10 questions I always get about cruising
Updated: Jun 8, 2021
Even in a Covid-filled 2020, I was surprised to realise that I went on three cruises last year!
As a freelance cruise journalist for Cruise Passenger and Cruise & Travel Asia, I did a lovely and relaxing trip with Princess Cruises in January. This was before coronavirus struck and global lines suspended their operations of course.
Whenever I tell friends that I’ve been on one of these cruises, I always get the same questions.
These include “What is there to do on a cruise?” and “Isn’t it just a floating shopping mall?”. Though cruising has definitely increased in popularity amongst Singaporeans and globally, some still see it as a boring travel option for retirees.
Obviously, we’ve all been on one of those cruises with our parents when young, where the facilities were a little dated and the casinos were the main draw.
But cruising has gotten a major facelift since then! I clear the misconceptions by answering some common questions about cruising.
Is cruising safe in a Covid-world?
This is the question on everyone’s mind, isn’t it?
Very honestly, I wouldn’t say it's impossible to catch Covid on a cruise. Then again, you can catch Covid anywhere - in a shopping mall, at work or at a home gathering with friends.
Yes, the “self-contained “ nature of cruises does mean the virus can spread easily. But they aren't the “floating petri-dishes” some people assume them to be.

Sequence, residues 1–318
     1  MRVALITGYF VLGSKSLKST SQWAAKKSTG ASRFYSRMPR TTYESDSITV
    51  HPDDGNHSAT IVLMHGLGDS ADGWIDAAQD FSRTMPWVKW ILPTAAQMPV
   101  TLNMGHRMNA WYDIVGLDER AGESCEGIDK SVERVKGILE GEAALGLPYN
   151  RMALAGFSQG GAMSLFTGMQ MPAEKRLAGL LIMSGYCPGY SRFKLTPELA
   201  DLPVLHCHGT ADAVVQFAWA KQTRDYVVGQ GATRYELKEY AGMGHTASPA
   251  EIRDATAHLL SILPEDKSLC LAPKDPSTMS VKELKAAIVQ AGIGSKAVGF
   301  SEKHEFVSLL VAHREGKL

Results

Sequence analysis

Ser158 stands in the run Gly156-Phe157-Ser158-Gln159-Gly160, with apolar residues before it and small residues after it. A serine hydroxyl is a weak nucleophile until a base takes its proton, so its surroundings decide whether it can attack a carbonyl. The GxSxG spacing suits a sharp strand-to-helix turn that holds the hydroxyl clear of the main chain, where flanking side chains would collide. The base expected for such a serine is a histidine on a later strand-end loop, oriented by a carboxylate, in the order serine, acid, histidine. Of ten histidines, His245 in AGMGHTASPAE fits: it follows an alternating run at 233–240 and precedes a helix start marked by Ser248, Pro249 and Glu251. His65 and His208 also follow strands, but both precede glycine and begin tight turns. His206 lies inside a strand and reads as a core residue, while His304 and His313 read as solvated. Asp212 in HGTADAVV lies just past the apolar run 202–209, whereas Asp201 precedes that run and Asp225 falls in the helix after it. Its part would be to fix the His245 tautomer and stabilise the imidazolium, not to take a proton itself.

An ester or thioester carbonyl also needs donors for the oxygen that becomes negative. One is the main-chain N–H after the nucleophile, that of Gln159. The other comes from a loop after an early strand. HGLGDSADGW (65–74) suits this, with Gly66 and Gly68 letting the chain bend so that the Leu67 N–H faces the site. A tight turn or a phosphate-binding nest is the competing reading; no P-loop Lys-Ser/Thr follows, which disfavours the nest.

For one, cruises are extremely stringent about health and safety protocols - both before embarkation and on board.
Before the restart of cruising, lines like Royal Caribbean and Dream Cruises underwent major sanitisation and disinfection, and changed their HVAC systems to include fresh air ventilation in cabins and throughout the ship. They also refurbished their medical centres, to include quarantine rooms, critical care wards and upgraded equipment, and a comprehensive laboratory with PCR testing.
All international crew were also tested for Covid, and required to undergo a mandatory 14-day quarantine on land before beginning work on board.
All passengers also have to undergo mandatory Covid-19 testing before boarding. Dream Cruises conducts a rapid antigen test on the day of boarding, and Royal Caribbean sends you for a PCR test 48 to 72 hours before embarkation.
Once guests were welcomed on board, both lines were ultra-vigilant about enforcing safe-distancing, firmly reminding guests from different travel groups not to cluster. Cruises are also operating at half-capacity to prevent over-crowding.